Tuesday, January 26, 2010

Thoughts From Catching Up With An Old Friend

I just got off the phone with a close friend of mine from the end of high school and the first few years of college. We haven't spoken in some time, he's been married and is now divorced with a young daughter, but his is one of those voices that I think will always make me smile and bring back fond memories. But speaking with him also reminded me of how far I have drifted from the "expected" path, from the fairly typical path taken by someone of my generation in my location in the world. And it reminded me of how crazy I think that "expected" path is making people.

The lyrics of the song "Suspicious Minds" keep coming to mind, voiced by Dwight Yoakam in my head, "Caught in a trap, Can't walk out...".

Nearly all of my closest friends have succumbed to the modern western trap. I guess it should not even be called western anymore, since our style of insider capitalism has spread throughout most of the world. But I digress.

It pains me to see so many of those who have been close to me, so deeply attached to an unnatural corporate/industrial existence. They are programmed by their televisions and the billboards that are nearly unavoidable. They are jaded parents, passing on their habits (usually concentrated) to their children, guiding them right into their own little cages (complete with exercise wheel!). They mean well for the most part, yet it is too easy to remain asleep, to ignore the fact that they are constantly driven to commodify every aspect of life, down to the very basic needs.

And then there is the fact that "the system" is set up to punish those who refuse to take the bait, who refuse to stay in their cage. Certainly anti-social behavior, especially that which is inherently harmful or destructive, should be dealt with but we have obviously reached the point of ridiculousness. Anyone following the tribulations of the Ontario farmer who makes raw milk available to those who want it must surely agree that this point has been reached.

And if we have reached that point, perhaps we have already begun the long slow swing back towards common sense and balance. People ARE returning the land, perhaps at a more sustainable pace than was seen during the 70's. It is my hope that this will continue and even increase; that we will explore ways to use permacultural type techniques in order to allow a higher density rural population all the while managing impact on nature.

I sure hope that some of these dear friends of mine are able to find the strength make some of these priority shifts. I wonder if that is overly selfish of me.


linda said...

I don't think its selfish to wish the best for others. Isn't that all you really want?
I also struggle with friends who for the life of them, cannot understand why we bought a small farm! Some are just proud becuase we bought it for a good price and they are evaluating the return we can get if real estate stabilized again. They say, "but you're too much of a city girl!" And ask, "Is it close to any large cities so you can have the best of both worlds?"
Missing the point completely.
And these are my "enlightened" friends from my S.F childhood, very green upbringing and education out there in our childhood!!!!!
I don't know what to say other than you are not alone. We are a minority. One day, we may not be but for now, think of yourself as a forerunner who is paving the way for others:)

Anna said...

I know exactly what you mean! Most of my college friends are off in mainstream America, and we have so little in common now. A friend of a friend asked me a couple of years ago what I was so afraid of that I had to move back to the land --- he couldn't seem to entertain the notion that someone would want to homestead for the love of it rather than through fear of some apocalypse.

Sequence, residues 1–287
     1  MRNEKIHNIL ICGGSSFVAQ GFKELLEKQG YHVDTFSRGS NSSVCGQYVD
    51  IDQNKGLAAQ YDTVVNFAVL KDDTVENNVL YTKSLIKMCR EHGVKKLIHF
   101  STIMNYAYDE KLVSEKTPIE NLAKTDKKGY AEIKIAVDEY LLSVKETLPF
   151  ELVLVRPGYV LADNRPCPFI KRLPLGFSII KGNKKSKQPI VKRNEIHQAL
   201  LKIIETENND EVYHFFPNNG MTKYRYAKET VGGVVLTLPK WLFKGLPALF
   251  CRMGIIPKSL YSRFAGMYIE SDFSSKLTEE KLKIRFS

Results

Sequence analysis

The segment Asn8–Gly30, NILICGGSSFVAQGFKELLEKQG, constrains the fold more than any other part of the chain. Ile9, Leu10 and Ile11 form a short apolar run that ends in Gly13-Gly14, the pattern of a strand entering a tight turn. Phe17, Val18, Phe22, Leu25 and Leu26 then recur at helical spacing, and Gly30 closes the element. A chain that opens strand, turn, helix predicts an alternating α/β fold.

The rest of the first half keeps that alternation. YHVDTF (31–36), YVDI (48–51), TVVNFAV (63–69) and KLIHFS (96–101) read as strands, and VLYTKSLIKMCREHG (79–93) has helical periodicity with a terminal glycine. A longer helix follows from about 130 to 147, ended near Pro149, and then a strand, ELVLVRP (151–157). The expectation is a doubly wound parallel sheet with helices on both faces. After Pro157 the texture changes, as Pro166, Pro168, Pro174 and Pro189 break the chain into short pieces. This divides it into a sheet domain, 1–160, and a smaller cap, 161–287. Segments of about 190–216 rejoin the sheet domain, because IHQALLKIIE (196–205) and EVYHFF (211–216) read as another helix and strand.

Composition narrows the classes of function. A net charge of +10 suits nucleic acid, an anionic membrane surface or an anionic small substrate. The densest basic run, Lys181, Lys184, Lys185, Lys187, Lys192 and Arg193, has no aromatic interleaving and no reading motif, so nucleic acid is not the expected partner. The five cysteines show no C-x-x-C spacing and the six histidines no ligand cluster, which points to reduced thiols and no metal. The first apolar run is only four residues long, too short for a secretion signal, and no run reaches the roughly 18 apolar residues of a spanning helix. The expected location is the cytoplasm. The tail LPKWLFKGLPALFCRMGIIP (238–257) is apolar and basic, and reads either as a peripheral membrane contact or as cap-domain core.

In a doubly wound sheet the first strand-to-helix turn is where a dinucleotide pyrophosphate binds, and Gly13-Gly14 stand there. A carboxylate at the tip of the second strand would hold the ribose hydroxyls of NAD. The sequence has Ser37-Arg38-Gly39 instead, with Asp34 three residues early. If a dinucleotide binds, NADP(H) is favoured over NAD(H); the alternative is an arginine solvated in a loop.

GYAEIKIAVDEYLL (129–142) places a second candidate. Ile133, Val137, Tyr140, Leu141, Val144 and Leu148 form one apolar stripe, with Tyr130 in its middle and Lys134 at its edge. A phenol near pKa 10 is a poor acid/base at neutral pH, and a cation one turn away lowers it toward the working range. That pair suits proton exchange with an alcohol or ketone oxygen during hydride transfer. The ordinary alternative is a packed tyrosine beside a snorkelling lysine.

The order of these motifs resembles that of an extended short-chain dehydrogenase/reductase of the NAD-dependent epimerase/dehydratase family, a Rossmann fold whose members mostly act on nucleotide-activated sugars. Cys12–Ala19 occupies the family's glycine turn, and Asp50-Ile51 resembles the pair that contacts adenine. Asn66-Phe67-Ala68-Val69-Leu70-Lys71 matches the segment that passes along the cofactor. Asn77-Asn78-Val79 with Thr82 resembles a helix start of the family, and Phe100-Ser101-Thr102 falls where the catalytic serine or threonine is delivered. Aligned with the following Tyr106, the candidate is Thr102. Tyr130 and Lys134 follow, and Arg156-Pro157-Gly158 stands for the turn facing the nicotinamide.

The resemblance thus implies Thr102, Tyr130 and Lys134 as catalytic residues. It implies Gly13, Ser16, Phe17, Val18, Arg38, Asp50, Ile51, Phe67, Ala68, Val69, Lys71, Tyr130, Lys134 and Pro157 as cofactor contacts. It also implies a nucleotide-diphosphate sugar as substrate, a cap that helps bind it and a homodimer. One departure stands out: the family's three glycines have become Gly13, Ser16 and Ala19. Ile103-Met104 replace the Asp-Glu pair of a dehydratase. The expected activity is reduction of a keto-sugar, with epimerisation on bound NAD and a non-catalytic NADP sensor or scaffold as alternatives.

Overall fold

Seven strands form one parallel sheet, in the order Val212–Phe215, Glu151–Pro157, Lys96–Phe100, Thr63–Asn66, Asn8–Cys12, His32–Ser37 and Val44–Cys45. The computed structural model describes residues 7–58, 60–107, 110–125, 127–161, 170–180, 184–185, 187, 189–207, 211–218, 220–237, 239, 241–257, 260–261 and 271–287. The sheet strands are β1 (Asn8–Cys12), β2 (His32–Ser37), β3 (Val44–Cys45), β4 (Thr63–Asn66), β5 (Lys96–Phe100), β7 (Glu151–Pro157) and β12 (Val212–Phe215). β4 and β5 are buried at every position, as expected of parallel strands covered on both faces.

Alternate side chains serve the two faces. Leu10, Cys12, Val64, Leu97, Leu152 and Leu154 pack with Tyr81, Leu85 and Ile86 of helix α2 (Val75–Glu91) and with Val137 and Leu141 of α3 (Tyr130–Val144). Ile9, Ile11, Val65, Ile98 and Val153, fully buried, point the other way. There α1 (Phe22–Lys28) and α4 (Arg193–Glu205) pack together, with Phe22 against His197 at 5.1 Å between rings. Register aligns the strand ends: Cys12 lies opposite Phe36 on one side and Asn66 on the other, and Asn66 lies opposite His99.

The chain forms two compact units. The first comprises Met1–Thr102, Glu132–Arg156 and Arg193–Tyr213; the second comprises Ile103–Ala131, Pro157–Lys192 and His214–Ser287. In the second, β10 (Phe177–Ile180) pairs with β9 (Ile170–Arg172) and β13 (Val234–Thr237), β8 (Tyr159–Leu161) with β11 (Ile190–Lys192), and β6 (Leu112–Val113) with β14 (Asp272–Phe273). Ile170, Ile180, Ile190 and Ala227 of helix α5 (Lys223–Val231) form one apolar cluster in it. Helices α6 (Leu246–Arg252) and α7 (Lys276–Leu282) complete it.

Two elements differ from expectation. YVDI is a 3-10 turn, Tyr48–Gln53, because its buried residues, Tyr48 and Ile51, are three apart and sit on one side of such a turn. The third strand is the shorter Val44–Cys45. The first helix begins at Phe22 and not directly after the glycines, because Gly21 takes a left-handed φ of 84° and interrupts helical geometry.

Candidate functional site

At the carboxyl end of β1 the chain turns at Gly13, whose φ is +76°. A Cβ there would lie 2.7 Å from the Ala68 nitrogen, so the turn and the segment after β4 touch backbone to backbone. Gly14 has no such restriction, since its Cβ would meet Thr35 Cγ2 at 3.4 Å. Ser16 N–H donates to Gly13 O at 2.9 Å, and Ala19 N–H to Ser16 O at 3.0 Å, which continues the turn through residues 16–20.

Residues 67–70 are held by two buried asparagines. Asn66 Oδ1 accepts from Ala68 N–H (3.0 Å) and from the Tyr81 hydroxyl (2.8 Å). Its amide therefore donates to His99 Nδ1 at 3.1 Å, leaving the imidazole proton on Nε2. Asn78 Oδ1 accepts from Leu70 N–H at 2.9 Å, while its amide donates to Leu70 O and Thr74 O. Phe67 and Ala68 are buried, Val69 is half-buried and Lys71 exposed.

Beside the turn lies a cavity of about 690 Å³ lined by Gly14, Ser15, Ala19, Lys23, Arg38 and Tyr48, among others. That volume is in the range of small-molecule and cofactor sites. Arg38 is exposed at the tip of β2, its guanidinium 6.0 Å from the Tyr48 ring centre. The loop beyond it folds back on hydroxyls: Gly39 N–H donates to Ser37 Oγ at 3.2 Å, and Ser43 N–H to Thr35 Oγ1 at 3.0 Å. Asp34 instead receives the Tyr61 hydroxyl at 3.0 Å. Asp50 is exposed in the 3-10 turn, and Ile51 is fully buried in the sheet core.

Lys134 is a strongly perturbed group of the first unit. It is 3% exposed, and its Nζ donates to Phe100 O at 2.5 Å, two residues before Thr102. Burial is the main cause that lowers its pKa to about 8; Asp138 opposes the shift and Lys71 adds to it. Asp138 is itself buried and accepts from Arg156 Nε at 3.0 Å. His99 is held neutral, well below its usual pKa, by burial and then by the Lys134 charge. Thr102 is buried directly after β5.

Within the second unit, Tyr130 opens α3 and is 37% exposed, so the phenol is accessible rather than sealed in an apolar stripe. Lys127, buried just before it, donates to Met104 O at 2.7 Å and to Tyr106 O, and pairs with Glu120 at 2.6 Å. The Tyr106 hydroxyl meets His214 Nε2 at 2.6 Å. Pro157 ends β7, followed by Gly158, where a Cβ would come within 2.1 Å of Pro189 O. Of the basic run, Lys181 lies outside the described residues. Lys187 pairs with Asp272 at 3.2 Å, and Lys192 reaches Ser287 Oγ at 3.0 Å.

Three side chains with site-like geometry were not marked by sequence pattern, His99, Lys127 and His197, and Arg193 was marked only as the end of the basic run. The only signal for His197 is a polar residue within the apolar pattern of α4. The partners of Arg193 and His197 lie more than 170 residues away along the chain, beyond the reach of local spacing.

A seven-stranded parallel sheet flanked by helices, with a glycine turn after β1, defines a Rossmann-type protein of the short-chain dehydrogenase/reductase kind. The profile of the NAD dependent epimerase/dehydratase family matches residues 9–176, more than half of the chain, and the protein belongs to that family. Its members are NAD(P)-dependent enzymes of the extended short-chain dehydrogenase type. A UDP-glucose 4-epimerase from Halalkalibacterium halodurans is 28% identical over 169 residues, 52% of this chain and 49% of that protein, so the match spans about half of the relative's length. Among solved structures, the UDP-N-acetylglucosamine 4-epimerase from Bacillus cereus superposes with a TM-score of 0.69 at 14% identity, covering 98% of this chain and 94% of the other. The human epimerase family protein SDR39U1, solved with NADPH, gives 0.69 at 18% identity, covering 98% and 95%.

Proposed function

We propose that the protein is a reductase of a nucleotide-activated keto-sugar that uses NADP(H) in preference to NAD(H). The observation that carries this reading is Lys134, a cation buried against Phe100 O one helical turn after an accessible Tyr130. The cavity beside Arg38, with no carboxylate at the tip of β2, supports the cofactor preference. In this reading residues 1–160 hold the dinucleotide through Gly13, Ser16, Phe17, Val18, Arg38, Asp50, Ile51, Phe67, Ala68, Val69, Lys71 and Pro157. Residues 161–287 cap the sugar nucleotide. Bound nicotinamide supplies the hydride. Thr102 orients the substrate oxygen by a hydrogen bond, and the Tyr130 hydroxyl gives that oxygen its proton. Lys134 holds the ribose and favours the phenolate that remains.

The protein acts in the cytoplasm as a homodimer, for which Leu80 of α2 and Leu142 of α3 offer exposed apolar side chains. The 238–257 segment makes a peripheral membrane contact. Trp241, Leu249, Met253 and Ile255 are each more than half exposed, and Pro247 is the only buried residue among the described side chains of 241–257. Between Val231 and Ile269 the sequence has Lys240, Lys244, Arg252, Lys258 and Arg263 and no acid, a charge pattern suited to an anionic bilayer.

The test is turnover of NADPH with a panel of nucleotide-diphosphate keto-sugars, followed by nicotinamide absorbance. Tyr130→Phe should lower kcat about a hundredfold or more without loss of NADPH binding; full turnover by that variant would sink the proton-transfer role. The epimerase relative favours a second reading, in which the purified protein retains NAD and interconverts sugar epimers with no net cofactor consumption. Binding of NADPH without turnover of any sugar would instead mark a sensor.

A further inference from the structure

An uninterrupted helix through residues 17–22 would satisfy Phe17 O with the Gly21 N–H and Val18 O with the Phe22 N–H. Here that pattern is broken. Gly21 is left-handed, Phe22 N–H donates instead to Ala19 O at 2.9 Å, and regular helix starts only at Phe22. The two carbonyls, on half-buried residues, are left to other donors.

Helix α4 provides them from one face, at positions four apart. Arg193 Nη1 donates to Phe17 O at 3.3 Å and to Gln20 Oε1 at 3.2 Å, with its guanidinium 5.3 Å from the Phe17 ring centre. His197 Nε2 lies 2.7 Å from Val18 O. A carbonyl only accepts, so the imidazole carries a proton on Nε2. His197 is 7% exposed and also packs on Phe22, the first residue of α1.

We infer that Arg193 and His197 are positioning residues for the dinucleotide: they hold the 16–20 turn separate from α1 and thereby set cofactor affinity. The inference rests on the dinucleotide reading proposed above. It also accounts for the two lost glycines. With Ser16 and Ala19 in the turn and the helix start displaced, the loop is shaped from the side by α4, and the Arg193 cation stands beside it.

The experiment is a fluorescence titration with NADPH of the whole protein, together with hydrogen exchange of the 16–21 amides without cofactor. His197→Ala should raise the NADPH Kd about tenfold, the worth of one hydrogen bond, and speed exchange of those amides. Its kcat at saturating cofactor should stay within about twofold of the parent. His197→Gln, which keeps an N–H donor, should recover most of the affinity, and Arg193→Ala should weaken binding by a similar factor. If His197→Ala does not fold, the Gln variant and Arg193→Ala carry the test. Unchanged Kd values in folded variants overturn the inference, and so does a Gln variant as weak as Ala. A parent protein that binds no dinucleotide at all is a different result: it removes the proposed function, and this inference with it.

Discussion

It sure does help to stay out of the mainstream by getting rid of the TV...

Aimee said...

This was an interesting and timely post for me. I spent this past weekend visiting an old friend, too - and she's a very bright, thoughtful, independent, and creative individual, but nonetheless she has followed a much more conventional path than I have. We sort of got into a small argument about the merits of a traditional four-year degree versus forging a unique educational path...

I ended up thinking and feeling that I was the one who had drifted quite far from the mainstream, and questioning my choices - have I surrendered my right to influence society? Have I given up on the belief in communal democracy? Am I giving up by dropping out of the system? Will the world move on without me?

On the other hand, I feel so much freer.

Can't finish this thought- husband wants the computer. Later

Jerry said...

Thanks Linda, that's just what I try to do! Just gets rather lonely.

Anna, I often think of getting rid of my satellite account but I just can't part with hockey through the long winter...

Aimee, I sure as hell don't feel as though I am surrendering my influence over society. Actually, I'm demanding my right to it, I feel. I think we all are.

Thank you all three for the thoughtful comments and sharing.

MoonRaven said...

I also hope that some of your friends are able to find the strength to make priority shifts. As Linda said, it isn't selfish to wish the best for others. And I know, in fact most of those who read this blog and my blog and similar blogs know, that not only is it hard to pull out of the capitalist/consumerist/industrial trance, but the full force of society is weighed against it. We who have are marginalized.

May you get some strong support for all you do--and maybe, as things get rougher, some of your friends will look to the way that you live and have some second thoughts about the ways that they live.

I'm sorry I've been absent from your blog a while, but I too have been busy...

Keep writing this good stuff and keep doing all the good things that you do.